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  • Preventing circumvention of Spring Batch framework

    One of the important aspects of the Spring Batch framework in my opinion is the fact that all jobs that use the same basic service configuration are handled consistently in terms of interaction with the repository, etc.

    However, there is at least one hole in this - if a tasklet calls System.exit, for instance, the framework will exit without performing any further tasks.

    I submitted this as a feature request already, since I believe this should be handled consistently by Spring Batch and should not require the end user to have to intervene to enforce this.

    I was hoping I could get some input back from the community as to whether this ought to be part of the framework or implemented individually, whether or not you see this as a real problem, how it should be implemented alternatively, etc.

    My original proposal was to register a new SecurityManager (which would use as its basis the current SecurityManager) that would to capture calls to exit the VM during execution and map it to a Spring Batch exception, thus allowing the repository to be properly updated. Any thoughts as to whether or not this is sufficient, prudent, etc?

    Please reference original request at:

    http://opensource.atlassian.com/proj...owse/BATCH-131

    Comments greatly appreciated!

  • #2
    Personally I agree with you on the fact that the integrity and reliability of the framework should be guaranteed as much as possible so conditions like a system.exit or a runtime exception in a framework user's code should not be able to break things like the exitcode and the restartability of a job.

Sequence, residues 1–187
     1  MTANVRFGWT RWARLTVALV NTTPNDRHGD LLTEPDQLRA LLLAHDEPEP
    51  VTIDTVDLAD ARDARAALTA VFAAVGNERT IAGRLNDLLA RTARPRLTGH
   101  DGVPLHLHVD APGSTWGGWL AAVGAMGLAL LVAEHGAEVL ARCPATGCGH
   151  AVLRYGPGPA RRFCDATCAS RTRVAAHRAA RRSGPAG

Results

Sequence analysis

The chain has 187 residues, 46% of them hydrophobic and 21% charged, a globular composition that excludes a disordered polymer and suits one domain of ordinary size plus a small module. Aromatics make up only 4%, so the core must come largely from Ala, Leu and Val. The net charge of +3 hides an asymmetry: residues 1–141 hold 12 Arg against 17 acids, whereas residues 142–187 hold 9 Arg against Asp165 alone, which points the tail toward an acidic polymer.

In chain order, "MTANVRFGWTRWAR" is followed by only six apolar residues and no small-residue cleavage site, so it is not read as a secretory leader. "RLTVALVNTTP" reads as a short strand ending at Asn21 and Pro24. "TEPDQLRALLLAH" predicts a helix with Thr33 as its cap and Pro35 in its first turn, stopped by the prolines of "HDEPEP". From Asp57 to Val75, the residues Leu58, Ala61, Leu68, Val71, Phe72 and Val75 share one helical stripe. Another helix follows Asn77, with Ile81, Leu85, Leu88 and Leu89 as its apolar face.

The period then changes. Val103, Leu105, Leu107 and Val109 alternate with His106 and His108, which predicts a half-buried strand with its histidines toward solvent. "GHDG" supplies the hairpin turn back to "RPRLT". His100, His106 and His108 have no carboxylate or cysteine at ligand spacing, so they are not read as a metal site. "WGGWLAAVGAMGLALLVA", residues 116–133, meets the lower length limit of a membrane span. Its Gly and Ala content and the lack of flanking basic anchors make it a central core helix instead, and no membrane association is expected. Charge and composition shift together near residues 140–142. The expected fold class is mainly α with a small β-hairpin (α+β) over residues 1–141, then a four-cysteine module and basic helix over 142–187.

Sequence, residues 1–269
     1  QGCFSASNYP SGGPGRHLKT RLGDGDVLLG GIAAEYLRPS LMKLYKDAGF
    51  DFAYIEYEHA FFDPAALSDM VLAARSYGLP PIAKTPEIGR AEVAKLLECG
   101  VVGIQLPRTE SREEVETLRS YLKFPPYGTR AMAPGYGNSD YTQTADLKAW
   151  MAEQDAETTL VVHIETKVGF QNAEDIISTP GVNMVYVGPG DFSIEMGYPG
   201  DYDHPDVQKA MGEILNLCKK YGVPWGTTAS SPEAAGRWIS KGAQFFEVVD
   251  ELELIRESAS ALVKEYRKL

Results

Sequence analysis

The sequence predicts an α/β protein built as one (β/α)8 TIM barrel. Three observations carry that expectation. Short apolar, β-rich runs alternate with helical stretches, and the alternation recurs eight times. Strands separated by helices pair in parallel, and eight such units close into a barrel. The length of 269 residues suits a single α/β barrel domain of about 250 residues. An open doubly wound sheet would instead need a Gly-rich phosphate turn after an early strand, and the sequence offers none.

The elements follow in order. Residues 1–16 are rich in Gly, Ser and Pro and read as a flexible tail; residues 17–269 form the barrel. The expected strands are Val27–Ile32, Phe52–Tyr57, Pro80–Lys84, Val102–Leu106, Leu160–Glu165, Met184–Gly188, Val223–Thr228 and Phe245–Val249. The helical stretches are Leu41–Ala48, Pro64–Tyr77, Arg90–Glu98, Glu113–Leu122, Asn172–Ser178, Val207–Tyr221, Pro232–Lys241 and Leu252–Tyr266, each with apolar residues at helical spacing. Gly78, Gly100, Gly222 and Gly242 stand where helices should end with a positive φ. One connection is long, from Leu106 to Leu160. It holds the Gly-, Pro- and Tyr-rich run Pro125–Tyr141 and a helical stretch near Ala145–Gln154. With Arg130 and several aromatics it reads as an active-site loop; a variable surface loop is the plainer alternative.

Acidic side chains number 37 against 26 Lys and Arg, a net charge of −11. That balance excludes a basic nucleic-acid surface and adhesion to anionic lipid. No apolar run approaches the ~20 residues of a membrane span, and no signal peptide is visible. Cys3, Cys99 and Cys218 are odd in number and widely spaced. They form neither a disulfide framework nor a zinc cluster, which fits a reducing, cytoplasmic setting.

I don't know enough about SecurityManagers to be able to comment on your suggested solution, but there are probably not many alternatives around. (if any) However, I can also understand Dave's concern, an organisation might already have it's own SecurityManager in place and this should not conflict with Spring-batch.

    If the batch security manager really inherits everything from the active security manager and only overrides the permissions that can somehow interfer with the batch-framework functionality I don't see the harm in that. Especially if at the end of the JobLauncher the original security manager's settings are put back.

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    • #3
      There is always infinity of imaginative ways how to do things wrong, but I think a framework deliberately shouldn't care about these - I believe it should care about things that make life easier for developers and administrators, which is hard enough.

      Is there a real-life example where framework-integrated security manager would be helpful? Calling System.exit() in tasklet seems purely hypothetical to me, but maybe I just lack enough bad experience

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      • #4